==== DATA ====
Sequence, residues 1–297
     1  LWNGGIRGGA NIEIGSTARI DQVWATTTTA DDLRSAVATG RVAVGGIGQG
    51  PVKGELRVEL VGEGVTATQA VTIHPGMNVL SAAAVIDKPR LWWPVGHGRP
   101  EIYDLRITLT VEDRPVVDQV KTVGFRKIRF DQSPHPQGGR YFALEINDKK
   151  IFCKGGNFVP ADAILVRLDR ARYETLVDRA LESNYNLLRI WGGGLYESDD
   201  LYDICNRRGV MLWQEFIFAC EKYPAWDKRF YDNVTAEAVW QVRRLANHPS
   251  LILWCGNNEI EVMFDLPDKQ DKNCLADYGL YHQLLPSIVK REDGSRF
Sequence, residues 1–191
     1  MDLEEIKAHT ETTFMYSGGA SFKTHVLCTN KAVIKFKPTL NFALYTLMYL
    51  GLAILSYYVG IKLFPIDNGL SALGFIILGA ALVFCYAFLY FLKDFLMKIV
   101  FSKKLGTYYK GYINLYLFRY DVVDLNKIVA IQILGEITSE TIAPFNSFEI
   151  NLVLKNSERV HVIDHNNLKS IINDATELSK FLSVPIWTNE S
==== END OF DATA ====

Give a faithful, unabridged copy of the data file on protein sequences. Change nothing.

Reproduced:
Sequence, residues 1–297
     1  LWNGGIRGGA NIEIGSTARI DQVWATTTTA DDLRSAVATG RVAVGGIGQG
    51  PVKGELRVEL VGEGVTATQA VTIHPGMNVL SAAAVIDKPR LWWPVGHGRP
   101  EIYDLRITLT VEDRPVVDQV KTVGFRKIRF DQSPHPQGGR YFALEINDKK
   151  IFCKGGNFVP ADAILVRLDR ARYETLVDRA LESNYNLLRI WGGGLYESDD
   201  LYDICNRRGV MLWQEFIFAC EKYPAWDKRF YDNVTAEAVW QVRRLANHPS
   251  LILWCGNNEI EVMFDLPDKQ DKNCLADYGL YHQLLPSIVK REDGSRF
Sequence, residues 1–191
     1  MDLEEIKAHT ETTFMYSGGA SFKTHVLCTN KAVIKFKPTL NFALYTLMYL
    51  GLAILSYYVG IKLFPIDNGL SALGFIILGA ALVFCYAFLY FLKDFLMKIV
   101  FSKKLGTYYK GYINLYLFRY DVVDLNKIVA IQILGEITSE TIAPFNSFEI
   151  NLVLKNSERV HVIDHNNLKS IINDATELSK FLSVPIWTNE S